Lately I have been consumed by loss, and by the notion of loss. Working as a physician for the last two years, my confidence in the durability of health, life, and even community, has eroded. Personally, I was lucky. None of my family or close friends died of our plague, but professionally I watched as countless people we cared for intensely progressed with illness, suffered, and ultimately died. For them, and for the loved ones they left behind, the loss was final. This haunting loss was all encompassing, often unassuming at first, but closing fast.
I am also consumed by Nature, and humanity’s relationship with it. But as I contemplate our world outside of screens and walls, I am overwhelmed and again haunted by our loss of Nature itself, even over my own lifetime. For millennia, the wide-scale degradation of our environment was, in human terms, slow. But, as our numbers have rapidly expanded and our influence on Nature has intensified in recent decades, the pace with which we enact devastating consequences has accelerated dramatically.
Humanity’s relentless growth and consumption, severely lacking in gauge or moderation, has led to an incomprehensible reality.
We have damaged 75% of all land environments and nearly 67% of all marine areas. We have lost a third of our global forests since the end of the last ice age, but fully half of that loss has come in the last century alone, most from the biologically rich tropical forests, regions unmatched with species diversity. Since only 1970, the human population has doubled, while wild vertebrate populations have decreased by nearly 70% and marine life populations by nearly 50%. Global species extinction is occurring at a rate 1000 times greater than the natural background rate due to human-driven habitat loss, overexploitation, pollution, toxification, and critical climate disruption. Without course correction, by the end of the century, up to half of all marine and terrestrial species alive today will be extinct. And yet human populations and our burden on our environments continue to expand, with global populations projected to approach nearly 10 billion by the end of this century.
Nature’s recession — Nature’s Great Depression — is occurring in our own backyard.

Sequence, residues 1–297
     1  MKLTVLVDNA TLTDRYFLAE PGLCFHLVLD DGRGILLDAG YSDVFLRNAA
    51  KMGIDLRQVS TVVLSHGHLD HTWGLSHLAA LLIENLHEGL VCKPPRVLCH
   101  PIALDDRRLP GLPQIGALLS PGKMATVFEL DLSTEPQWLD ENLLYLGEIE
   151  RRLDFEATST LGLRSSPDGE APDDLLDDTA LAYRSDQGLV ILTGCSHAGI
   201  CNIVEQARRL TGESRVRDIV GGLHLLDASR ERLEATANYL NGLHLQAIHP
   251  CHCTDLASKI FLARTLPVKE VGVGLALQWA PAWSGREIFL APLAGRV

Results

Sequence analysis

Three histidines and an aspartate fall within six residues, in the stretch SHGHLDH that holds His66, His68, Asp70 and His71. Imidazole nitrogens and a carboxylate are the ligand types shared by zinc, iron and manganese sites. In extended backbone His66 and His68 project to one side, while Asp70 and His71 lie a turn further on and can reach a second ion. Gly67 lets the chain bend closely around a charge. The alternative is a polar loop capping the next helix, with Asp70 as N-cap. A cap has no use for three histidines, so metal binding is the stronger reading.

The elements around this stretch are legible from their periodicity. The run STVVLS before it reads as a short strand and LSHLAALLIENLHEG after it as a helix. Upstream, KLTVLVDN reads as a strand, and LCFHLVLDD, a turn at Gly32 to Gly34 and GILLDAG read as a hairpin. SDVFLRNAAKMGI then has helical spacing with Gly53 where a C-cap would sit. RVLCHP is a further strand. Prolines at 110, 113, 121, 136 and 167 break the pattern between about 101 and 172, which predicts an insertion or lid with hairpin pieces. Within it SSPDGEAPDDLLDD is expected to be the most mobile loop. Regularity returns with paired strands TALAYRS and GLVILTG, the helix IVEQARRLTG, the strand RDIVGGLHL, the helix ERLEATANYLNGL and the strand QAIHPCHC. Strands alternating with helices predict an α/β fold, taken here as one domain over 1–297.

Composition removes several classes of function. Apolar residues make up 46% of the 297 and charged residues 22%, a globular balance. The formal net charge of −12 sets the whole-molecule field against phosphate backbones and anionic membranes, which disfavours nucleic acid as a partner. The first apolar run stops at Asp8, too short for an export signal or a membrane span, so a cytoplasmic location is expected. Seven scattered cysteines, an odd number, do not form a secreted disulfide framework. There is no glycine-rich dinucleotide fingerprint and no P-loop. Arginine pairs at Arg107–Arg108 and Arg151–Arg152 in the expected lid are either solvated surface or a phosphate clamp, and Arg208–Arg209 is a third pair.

In a region renowned for natural beauty and resource, we see it in the overcrowding and degradation of our national parks and local canyons, unrelenting development and extraction, declining snowpack, increasing water scarcity, a shrinking Great Salt Lake, and unhealthy air quality. The changes are happening fast. Yet strikingly, we continue with an unmitigated fervor for economic and physical growth, with Utah’s population projected to nearly double by 2050. Globally and locally alike, our rapidly increasing human overload will only result in more loss of Nature. Without an extraordinary reduction of human growth, environmental destruction, resource depletion and greenhouse gas emission our home planet will become progressively more inhabitable to life as we know it.
I try to remember that not all loss is complete nor permanent. Instead, some is simply misplaced or adrift. There is time for healing and critical recovery. It is true that time is not on our side. To begin with, the time aspect of climate changes makes it hard to take the plunge now. Sure, we think, things will still look pretty much the same over the next few years. And, as the eminent scientist and thinker Vaclav Smil just pointed out, addressing climate change meaningfully would take an unprecedented rethinking of how we balance present benefits against future harms. “Suppose we start investing like crazy and start bringing down the carbon as rapidly as possible,” he imagines. “The first beneficiaries will be people living in the 2070s because of what’s already in the system. The temperature will keep rising even as we are reducing these emissions. So you are asking people now to make quote-unquote sacrifices while the first benefits will accrue to their children and the real benefits will accrue to their grandchildren.” These are important points. But, even if changing now feels like rolling boulders uphill, it is not. Like many human deaths, much loss in Nature is preventable. Desperately needed technical fixes aside, such as changing our energy mix, we can staunch our loss through the expeditious refinement of our cultural principles from consuming Nature to conserving and restoring Her. We must prioritize wide-scale reduction of our human burden and recognize that both a combination of our population numbers and our actions are driving Nature’s trauma. We need to transition to healing. Stabilizing populations, valuing smaller families locally, empowering and educating women globally, and prioritizing the long-term sustainability and quality of life for all life are moral imperatives. For posterity, we must embody our role as stewards of our local and global environments with a sustainable vision for succeeding millennia. The survival of Nature and humanity alike is conditional on our transformation.
“It is important to remember that a striking characteristic of human civilization is its tendency to discount what is most essential to sustaining its long-term existence.”
— Robert Sullivan, “Forest Farewell”
Robert Sullivan, “Forest Farewell,” in Old Growth: The Best Writing about Trees from Orion Magazine (Orion, 2021), 52.
R.E.A. Almond, M. Grooten M., and T. Petersen, “Bending the Curve of Biodiversity Loss, WWF Living Planet Report, 2020 (WWF, 2020).
S. L. Pimm et al., “The Biodiversity of Species and their Rates of Extinction, Distribution, and Protection,” Science 344 (2014).